This interesting article by Johnathan Rowson at the RSA caught my eye. Those of us who are awake in the world are often frustrated when we encounter people who aren’t and desperately search for ways to influence the behavior and choices of those who seem to be oblivious to their effect on the world. Understanding a little bit more about behavior in the macro sense, as well as perfecting our ability to master our own behavior are important first steps in the crusade to inspire better choices and behaviors in others.

Our actions define our character. Habits make up a large part of our actions. From the obvious physical ones we do all day (breathing) to the judgements, reactions, and other mental positions we rarely examine but are heavily invested in, our habits can be beneficial or destructive. Being vigilant about the habits you form and the ones you shake is a great way to become more mindful in your life. As Rowsen points out:

Habits are important because they define who we are, but also because they can be changed. You breathe automatically, you see automatically, but you think, decide and act habitually. Confucius captures the point nicely when he says:  ’Men’s natures are alike; it is their habits that separate them.’ But habits are acquired and conditioned behaviours rather than strictly automatic. They are second nature rather than first, and therefore amenable to the influence of deliberation and reflection.

To bring changes to our behaviors, our perspectives, our lives and our world, sometimes the path is deceptively simple. Just start small. Shake up your routine in easy and non-threatening areas. Rituals can be comforting and even productive, but they can also discourage growth and evolution. Take a different path to work, drink out of a different cup, sit in a different chair, or go so far as to brush your teeth with the other hand.

These little blips on your comfort radar can help wake your senses and shake the auto-pilot coma we call living.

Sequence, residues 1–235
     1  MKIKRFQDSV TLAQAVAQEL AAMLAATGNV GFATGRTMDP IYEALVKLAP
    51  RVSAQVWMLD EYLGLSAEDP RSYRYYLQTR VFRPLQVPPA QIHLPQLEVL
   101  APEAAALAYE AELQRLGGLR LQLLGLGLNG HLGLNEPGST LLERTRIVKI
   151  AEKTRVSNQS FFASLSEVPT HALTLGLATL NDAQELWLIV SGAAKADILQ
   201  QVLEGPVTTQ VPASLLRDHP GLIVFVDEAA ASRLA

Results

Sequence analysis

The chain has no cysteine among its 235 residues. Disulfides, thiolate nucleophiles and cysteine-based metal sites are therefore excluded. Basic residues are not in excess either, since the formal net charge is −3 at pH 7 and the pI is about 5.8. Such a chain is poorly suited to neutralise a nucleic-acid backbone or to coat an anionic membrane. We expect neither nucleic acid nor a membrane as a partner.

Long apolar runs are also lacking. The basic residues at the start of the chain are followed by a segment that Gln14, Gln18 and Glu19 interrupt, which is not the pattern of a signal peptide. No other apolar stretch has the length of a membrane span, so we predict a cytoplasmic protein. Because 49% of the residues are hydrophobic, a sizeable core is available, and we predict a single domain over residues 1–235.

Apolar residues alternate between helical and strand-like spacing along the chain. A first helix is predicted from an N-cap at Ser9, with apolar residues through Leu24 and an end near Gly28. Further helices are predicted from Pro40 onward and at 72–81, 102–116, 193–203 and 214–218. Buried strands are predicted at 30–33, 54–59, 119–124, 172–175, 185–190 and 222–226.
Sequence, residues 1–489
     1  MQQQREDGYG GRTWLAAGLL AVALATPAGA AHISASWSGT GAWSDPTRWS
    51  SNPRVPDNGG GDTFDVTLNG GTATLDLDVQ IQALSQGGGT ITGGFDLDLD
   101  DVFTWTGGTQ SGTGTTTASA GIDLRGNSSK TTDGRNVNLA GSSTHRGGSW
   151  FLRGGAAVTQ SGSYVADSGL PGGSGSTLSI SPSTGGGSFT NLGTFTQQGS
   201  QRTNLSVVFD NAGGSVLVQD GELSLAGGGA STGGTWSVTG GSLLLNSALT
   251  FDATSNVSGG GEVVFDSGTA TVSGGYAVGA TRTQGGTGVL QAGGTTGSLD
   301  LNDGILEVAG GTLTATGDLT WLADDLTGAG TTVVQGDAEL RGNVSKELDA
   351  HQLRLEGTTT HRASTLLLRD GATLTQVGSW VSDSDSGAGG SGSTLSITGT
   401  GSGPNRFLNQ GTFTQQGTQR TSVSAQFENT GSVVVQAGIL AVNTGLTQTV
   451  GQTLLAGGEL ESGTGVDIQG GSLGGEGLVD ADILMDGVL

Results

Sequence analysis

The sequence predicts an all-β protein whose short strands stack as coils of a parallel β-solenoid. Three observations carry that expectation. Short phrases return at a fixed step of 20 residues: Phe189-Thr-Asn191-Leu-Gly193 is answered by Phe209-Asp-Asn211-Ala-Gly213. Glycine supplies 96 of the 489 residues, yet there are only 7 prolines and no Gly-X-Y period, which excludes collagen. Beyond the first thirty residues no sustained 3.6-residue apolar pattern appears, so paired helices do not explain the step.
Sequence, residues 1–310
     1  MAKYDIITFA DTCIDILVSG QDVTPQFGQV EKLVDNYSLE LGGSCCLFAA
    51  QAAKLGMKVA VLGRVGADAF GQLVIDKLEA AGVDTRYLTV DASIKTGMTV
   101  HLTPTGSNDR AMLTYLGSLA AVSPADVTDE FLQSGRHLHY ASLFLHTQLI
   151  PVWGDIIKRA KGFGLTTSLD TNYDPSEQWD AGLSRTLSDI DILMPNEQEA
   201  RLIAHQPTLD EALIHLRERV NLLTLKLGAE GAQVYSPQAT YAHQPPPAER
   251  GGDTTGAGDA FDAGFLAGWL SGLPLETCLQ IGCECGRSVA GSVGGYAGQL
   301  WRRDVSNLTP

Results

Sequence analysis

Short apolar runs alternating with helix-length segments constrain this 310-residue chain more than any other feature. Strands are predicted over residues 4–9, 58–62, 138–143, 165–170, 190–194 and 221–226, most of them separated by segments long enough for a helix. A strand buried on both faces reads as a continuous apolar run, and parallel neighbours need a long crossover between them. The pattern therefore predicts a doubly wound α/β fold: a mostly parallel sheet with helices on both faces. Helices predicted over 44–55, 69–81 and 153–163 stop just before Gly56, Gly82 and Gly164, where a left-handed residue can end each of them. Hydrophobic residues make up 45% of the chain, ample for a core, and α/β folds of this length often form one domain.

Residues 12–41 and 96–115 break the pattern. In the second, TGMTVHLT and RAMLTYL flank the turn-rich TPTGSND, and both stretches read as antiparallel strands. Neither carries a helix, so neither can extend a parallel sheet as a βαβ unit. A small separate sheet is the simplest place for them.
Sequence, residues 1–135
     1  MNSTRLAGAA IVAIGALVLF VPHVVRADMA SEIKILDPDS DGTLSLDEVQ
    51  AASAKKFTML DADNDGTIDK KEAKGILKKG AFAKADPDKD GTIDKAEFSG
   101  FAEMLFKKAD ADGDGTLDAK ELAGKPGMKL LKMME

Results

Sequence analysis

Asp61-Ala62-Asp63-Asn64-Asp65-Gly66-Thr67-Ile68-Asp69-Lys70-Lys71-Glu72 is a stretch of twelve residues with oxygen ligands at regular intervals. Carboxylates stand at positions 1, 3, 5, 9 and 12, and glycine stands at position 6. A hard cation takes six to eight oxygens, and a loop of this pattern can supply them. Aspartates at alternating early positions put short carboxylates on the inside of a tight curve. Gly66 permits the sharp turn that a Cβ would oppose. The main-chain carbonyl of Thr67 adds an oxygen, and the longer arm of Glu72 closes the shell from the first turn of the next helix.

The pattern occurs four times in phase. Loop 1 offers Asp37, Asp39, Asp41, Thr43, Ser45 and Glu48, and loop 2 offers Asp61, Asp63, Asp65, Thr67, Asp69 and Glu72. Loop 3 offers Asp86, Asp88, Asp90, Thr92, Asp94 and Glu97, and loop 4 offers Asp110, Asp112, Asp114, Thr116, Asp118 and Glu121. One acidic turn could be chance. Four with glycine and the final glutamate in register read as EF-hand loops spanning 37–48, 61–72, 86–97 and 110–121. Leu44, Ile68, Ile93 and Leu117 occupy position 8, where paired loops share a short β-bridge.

No matter how much knowledge, reflection, and deliberation you bring to bare, you need behavior to change behavior.  Thought alone will rarely change a habit, because willpower is scarce and depletable, and rarely sufficient to turn the thought into action on an ongoing basis.

Dwelling on breaking the bad habits can be a drag and put you off the whole exercise. In the Net Positive spirit, we need to focus as much (if not more) attention on creating the habits we’d like to have. Rowsen suggests that there is a threshold of 66 days to form a new habit. Which means a behavior that is automatic and no longer needs to be consciously chosen, in short it’s a part of your character. This article he sites from Psyblog is an expansion on the concept of time frames for behavior modification.

For laughs. And a reminder to be thankful it’s not the ’50’s!

An incredible analysis of the macro issues in human behavior and influences can be found in a new documentary called Zeitgeist: Moving Forward. It’s a far-reaching documentary that covers so many of the topics critical to a Net Positive awareness and deserves to be watched in its entirety (despite the epic length of 2h40). The first hour or so focuses exclusively on human behavior and presents a comprehensive analysis delivered by compelling experts. If you’re at all interested in why we are the way we are, view this as the foundation to your quest.